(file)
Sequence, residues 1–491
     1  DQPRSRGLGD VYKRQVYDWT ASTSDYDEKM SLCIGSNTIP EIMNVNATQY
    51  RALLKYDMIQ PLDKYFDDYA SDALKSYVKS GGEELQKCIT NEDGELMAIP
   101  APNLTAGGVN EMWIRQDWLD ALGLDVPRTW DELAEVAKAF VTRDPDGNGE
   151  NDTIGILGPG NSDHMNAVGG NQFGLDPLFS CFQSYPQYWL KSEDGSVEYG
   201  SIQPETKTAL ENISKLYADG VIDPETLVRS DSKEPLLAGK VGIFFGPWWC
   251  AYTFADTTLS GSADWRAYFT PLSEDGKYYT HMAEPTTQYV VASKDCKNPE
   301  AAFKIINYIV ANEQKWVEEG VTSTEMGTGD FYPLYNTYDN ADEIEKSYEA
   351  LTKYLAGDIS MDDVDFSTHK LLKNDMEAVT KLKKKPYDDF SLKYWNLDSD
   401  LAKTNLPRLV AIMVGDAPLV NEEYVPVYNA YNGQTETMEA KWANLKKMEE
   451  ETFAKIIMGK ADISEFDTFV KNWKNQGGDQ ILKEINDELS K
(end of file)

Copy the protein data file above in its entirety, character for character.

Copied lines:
Sequence, residues 1–491
     1  DQPRSRGLGD VYKRQVYDWT ASTSDYDEKM SLCIGSNTIP EIMNVNATQY
    51  RALLKYDMIQ PLDKYFDDYA SDALKSYVKS GGEELQKCIT NEDGELMAIP
   101  APNLTAGGVN EMWIRQDWLD ALGLDVPRTW DELAEVAKAF VTRDPDGNGE
   151  NDTIGILGPG NSDHMNAVGG NQFGLDPLFS CFQSYPQYWL KSEDGSVEYG
   201  SIQPETKTAL ENISKLYADG VIDPETLVRS DSKEPLLAGK VGIFFGPWWC
   251  AYTFADTTLS GSADWRAYFT PLSEDGKYYT HMAEPTTQYV VASKDCKNPE
   301  AAFKIINYIV ANEQKWVEEG VTSTEMGTGD FYPLYNTYDN ADEIEKSYEA
   351  LTKYLAGDIS MDDVDFSTHK LLKNDMEAVT KLKKKPYDDF SLKYWNLDSD
   401  LAKTNLPRLV AIMVGDAPLV NEEYVPVYNA YNGQTETMEA KWANLKKMEE
   451  ETFAKIIMGK ADISEFDTFV KNWKNQGGDQ ILKEINDELS K